To Comfort The Afflicted
And Afflict The Comfortable

To Comfort The Afflicted And Afflict The Comfortable

Friday, December 2, 2022


Shell Game



Perryman, DavidWith the speed and dexterity of a street hustler, tax revenue and state assets are shifted from one account to another. Following the money becomes as difficult as a shell game or a round of Three Card Monte.

In 2004, voters imposed 12-year legislative term limits on members of the Oklahoma House of Representatives and the Oklahoma State Senate. The resulting shift of power is readily apparent when we observe an overwhelming tide of lobbyist-written legislation and bureaucrats in state agencies who have little concern about the “interference” of term-limited legislators.

Two case studies that deal with relatively high profile matters show who holds the real power is in Oklahoma government … and it is not the people or their elected officials.

An example of good government gone awry involves the railroad track running between the two largest metropolitan areas in the state. The Sapulpa to Oklahoma City railroad, known as the “Sooner Sub” is a thriving enterprise, but it was not always so.

For decades, the railroad was owned and operated by Burlington Northern. Ultimately, the rail line fell into disrepair and in the 1980’s BNSF sold the line for salvage value to the highest bidder. Fortunately, for all involved, the highest bidder on that track as well as seven or eight others was the state of Oklahoma.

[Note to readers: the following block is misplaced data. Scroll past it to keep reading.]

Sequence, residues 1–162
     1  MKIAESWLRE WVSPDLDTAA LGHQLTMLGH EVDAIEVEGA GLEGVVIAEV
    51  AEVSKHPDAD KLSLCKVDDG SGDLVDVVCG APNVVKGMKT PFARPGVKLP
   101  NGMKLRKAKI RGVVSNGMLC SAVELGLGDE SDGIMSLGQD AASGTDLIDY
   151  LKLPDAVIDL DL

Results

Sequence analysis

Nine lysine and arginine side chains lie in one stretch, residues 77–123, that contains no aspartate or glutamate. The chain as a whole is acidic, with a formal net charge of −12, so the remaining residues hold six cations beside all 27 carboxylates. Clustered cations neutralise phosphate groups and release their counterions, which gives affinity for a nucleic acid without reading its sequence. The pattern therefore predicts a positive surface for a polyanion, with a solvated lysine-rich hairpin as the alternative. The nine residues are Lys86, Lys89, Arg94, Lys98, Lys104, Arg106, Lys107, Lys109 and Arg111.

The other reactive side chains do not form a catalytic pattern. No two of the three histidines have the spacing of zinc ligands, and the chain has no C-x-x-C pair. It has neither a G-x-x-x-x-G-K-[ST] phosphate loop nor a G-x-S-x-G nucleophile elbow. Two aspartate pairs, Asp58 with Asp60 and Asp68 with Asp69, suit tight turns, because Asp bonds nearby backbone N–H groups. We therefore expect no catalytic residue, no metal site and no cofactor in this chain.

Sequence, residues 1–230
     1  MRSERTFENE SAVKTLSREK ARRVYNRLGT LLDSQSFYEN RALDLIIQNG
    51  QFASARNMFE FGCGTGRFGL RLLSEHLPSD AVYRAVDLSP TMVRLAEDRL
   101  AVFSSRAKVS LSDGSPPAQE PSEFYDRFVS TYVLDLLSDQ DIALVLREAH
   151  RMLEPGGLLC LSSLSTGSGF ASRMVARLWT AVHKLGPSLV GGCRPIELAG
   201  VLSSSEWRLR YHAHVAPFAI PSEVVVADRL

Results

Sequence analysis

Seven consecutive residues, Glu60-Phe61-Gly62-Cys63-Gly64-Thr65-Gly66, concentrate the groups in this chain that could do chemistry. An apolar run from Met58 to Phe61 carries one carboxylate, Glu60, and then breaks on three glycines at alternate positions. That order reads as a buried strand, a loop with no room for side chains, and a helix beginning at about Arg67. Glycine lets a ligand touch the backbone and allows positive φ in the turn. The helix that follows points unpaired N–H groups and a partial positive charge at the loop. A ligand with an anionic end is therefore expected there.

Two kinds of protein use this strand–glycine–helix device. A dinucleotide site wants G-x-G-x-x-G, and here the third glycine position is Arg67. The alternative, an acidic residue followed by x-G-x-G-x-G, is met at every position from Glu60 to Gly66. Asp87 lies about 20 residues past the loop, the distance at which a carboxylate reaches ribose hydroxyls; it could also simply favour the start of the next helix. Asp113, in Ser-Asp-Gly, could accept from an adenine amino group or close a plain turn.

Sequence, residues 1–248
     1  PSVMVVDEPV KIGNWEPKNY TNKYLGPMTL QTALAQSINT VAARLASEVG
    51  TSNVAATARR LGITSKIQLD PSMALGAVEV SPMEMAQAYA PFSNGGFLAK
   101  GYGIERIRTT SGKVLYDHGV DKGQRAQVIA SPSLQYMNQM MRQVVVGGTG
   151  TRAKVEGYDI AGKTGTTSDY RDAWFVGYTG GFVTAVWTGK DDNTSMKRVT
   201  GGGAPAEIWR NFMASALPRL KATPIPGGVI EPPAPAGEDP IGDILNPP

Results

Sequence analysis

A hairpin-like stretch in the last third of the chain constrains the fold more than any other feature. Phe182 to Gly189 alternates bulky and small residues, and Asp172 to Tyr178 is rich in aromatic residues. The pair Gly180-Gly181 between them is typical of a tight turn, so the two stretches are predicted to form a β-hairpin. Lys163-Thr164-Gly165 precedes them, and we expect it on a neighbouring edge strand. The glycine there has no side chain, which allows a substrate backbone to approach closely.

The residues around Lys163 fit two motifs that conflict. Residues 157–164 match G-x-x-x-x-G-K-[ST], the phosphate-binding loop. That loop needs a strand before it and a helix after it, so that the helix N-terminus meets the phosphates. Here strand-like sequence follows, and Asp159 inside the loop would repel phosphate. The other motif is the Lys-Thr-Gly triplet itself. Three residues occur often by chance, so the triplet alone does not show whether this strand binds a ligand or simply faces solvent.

Each of the lines, with the exception of the Sooner Sub, was acquired solely to preserve and protect it for future sale back to the railroad industry. With the exception of the Sooner Sub, each has either been sold by the state at a profit or is currently under lease to a railroad with the railroad company having the option to purchase the line from the state.

The Sooner Sub however, was not acquired for resale. It was purchased to foster passenger rail between Tulsa and Oklahoma City. Both legislation and contracts stated that intent.

Consistent with that goal, the railroad was leased to a company that nurtured its purpose, was contractually required to annually install thousands of new rail ties and provide a considerable cash flow to the state. By design, the line appreciated in value and has now caught the eye of a number of railroad companies, even the company that sold it to the state nearly three decades ago.

Despite legislative intent, the bureaucracy of the Oklahoma Department of Transportation has undertaken to initiate the sale of the Sooner Sub. Moving from landlord of the line to having no ownership of the line at all will decrease and possibly eliminate any hope that passenger rail between Tulsa and Oklahoma City will come to fruition.

The Legislature has no power to stop such a move; the public has no standing to demand to be heard. Legislators can blow trumpets from the mountaintop, but career bureaucrats are not afraid of elected officials who will only be around a few years.